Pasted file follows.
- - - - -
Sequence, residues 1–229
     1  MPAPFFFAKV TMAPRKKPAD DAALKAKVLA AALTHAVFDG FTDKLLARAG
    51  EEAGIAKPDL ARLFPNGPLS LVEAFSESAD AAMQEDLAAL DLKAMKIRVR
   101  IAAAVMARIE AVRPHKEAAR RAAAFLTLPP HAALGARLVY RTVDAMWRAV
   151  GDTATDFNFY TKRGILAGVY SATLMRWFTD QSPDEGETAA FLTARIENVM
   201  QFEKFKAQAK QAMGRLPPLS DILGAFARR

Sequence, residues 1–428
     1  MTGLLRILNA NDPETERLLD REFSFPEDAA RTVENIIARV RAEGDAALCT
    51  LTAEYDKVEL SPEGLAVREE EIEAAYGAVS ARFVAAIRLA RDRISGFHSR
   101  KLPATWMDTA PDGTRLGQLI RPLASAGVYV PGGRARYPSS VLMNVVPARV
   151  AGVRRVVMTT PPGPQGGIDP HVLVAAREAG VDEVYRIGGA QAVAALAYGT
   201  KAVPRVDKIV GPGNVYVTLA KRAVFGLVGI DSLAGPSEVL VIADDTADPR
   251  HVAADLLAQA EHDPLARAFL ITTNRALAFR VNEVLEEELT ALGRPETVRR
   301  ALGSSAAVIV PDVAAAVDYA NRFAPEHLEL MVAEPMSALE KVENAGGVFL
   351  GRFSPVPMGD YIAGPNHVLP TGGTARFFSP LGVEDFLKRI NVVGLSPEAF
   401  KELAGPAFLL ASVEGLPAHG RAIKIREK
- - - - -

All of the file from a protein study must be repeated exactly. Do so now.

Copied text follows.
Sequence, residues 1–229
     1  MPAPFFFAKV TMAPRKKPAD DAALKAKVLA AALTHAVFDG FTDKLLARAG
    51  EEAGIAKPDL ARLFPNGPLS LVEAFSESAD AAMQEDLAAL DLKAMKIRVR
   101  IAAAVMARIE AVRPHKEAAR RAAAFLTLPP HAALGARLVY RTVDAMWRAV
   151  GDTATDFNFY TKRGILAGVY SATLMRWFTD QSPDEGETAA FLTARIENVM
   201  QFEKFKAQAK QAMGRLPPLS DILGAFARR

Sequence, residues 1–428
     1  MTGLLRILNA NDPETERLLD REFSFPEDAA RTVENIIARV RAEGDAALCT
    51  LTAEYDKVEL SPEGLAVREE EIEAAYGAVS ARFVAAIRLA RDRISGFHSR
   101  KLPATWMDTA PDGTRLGQLI RPLASAGVYV PGGRARYPSS VLMNVVPARV
   151  AGVRRVVMTT PPGPQGGIDP HVLVAAREAG VDEVYRIGGA QAVAALAYGT
   201  KAVPRVDKIV GPGNVYVTLA KRAVFGLVGI DSLAGPSEVL VIADDTADPR
   251  HVAADLLAQA EHDPLARAFL ITTNRALAFR VNEVLEEELT ALGRPETVRR
   301  ALGSSAAVIV PDVAAAVDYA NRFAPEHLEL MVAEPMSALE KVENAGGVFL
   351  GRFSPVPMGD YIAGPNHVLP TGGTARFFSP LGVEDFLKRI NVVGLSPEAF
   401  KELAGPAFLL ASVEGLPAHG RAIKIREK